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I'd like to hear your input on this matter.

I'm really unsure whether the above sentence makes sense. If not, what is the correct version of the sentence; and if it does make sense, are there any other formats of the same sentence? (I'm really keen on keeping the word "input" in the sentence, instead of using the word "thoughts")

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    It's just "bureaucratese" jargon. In the real world, people usually say What do you think? But there are any number of verbose alternatives - Your contribution to this debate is eagerly anticipated, for example. – FumbleFingers Jun 4 at 13:28
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You ask if the sentence could be formatted differently. It could be made more concise by saying:

I'd like your input on this matter.

There is no need to say "to hear". If you are in a face-to-face conversation, that's implicitly obvious, and if you are communicating via email, then you may not want to "hear" the input (you may want to read it instead).

As for your primary question, "input" is fine there. Wordnik has this definition:

input (noun) Contribution of information or a comment or viewpoint.

and I would say that this usage is more common than obscure jargon. For example, one blogger's post begins by saying:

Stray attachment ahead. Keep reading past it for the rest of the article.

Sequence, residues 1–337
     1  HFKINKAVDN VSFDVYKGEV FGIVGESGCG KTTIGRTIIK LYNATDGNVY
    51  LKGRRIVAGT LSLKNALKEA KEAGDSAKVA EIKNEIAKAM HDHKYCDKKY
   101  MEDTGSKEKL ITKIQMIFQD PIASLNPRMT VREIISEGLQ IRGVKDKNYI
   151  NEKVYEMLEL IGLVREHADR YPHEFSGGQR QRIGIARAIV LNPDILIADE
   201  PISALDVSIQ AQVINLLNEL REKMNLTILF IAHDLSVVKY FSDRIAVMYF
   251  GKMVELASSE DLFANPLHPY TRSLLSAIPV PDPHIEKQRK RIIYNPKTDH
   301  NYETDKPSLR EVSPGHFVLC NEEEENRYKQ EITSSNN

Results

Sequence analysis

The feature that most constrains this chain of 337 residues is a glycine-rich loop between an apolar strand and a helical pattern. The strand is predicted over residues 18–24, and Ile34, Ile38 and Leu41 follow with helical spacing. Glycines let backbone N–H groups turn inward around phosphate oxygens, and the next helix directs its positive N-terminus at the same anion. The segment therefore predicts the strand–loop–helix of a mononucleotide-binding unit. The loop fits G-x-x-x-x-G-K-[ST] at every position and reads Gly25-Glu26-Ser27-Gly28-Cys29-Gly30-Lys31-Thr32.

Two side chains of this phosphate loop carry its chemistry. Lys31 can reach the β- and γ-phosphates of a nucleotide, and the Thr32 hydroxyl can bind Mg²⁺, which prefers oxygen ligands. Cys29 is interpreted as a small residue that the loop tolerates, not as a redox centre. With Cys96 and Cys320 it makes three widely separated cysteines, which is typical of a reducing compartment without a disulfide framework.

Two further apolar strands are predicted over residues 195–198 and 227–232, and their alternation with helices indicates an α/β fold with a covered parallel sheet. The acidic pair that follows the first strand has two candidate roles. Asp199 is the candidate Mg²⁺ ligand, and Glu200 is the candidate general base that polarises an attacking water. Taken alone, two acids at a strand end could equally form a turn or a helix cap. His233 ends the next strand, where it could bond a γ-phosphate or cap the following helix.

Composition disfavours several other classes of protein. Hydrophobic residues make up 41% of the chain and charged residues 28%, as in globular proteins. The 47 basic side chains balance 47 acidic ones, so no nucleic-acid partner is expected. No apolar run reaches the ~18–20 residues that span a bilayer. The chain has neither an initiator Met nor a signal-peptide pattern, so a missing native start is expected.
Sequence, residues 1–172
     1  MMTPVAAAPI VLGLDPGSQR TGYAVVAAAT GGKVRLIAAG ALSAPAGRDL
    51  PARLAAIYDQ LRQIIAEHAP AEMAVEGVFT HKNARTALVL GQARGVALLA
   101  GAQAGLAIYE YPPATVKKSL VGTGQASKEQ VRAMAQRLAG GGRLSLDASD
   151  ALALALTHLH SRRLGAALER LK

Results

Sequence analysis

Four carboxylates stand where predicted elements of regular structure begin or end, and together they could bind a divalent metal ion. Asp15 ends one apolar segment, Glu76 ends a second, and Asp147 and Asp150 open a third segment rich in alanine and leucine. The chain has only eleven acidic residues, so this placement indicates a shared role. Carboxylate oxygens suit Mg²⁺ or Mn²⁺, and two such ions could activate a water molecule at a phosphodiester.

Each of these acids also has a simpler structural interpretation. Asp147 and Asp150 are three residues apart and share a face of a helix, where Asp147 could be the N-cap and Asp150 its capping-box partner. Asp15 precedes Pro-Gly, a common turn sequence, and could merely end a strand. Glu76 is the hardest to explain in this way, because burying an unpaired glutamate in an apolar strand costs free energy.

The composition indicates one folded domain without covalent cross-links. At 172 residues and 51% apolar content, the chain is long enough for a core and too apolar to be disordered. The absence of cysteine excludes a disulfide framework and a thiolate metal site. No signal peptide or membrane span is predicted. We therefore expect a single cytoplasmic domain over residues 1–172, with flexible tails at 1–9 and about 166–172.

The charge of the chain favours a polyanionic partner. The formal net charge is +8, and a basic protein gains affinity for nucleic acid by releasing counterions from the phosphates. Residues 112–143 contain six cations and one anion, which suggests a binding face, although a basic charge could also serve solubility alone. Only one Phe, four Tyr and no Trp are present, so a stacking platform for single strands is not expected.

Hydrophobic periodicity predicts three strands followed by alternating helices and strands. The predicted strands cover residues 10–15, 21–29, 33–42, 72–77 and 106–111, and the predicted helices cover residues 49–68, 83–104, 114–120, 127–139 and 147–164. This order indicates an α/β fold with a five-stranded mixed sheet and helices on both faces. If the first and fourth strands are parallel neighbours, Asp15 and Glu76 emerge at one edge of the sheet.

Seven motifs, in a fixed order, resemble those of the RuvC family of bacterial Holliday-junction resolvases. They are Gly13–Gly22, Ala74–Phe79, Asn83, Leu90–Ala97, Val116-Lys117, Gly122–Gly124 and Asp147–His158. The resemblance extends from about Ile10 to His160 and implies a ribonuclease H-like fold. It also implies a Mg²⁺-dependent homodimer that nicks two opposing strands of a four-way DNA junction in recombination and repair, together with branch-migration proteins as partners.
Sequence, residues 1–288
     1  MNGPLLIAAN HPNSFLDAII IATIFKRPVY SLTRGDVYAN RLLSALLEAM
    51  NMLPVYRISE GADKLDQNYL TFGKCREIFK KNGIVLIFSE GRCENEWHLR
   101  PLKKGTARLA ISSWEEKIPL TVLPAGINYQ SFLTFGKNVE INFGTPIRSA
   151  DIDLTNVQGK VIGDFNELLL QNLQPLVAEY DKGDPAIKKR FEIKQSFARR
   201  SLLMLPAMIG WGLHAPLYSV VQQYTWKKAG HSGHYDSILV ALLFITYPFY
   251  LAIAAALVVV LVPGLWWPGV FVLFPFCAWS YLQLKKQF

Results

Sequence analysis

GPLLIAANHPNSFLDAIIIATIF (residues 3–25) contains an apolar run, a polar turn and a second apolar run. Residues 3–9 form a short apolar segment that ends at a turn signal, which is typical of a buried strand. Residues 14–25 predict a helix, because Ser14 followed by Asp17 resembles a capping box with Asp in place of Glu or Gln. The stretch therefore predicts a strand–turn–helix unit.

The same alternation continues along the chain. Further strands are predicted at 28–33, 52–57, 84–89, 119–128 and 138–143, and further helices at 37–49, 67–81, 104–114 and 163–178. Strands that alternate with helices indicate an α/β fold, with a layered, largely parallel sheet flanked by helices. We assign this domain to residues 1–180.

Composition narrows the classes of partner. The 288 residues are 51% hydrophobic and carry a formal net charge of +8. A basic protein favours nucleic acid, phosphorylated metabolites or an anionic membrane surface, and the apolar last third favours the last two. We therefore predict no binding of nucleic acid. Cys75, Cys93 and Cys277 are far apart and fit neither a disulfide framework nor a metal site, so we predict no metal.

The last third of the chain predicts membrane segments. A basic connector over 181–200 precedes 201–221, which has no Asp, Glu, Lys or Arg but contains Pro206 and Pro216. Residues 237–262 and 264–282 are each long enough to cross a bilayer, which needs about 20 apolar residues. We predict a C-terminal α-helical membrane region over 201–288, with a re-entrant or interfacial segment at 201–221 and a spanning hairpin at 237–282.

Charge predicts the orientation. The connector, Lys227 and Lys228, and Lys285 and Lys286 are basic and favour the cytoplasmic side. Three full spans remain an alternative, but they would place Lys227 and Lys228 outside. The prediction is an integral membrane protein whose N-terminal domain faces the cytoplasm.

You may think your kids are “too young” to offer input on vacation plans or suggest workable solutions to a problem that’s stymied you.

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I hear this exact sentence or similar uses of "input" pretty much every day. I work in software development in a US corporate environment. In that setting, asking for "input" is by far the most common way to express this concept. Asking for "thoughts" is significantly less common, and asking for "contributions to a debate" is quite rare.

In my view, the is a slight difference of meaning: "Input" is something expected to form part of the final result, while "thoughts" or "contributions" carry no such implication. Of course, that expectation may be frustrated.

Obviously this is a fairly recent coinage, derived from "input" in a more concrete sense, and quite likely specifically in the sense used in computing, or at least strengthened by the frequent use of "input" to describe what is provided to a computer program. But that is how language changes.

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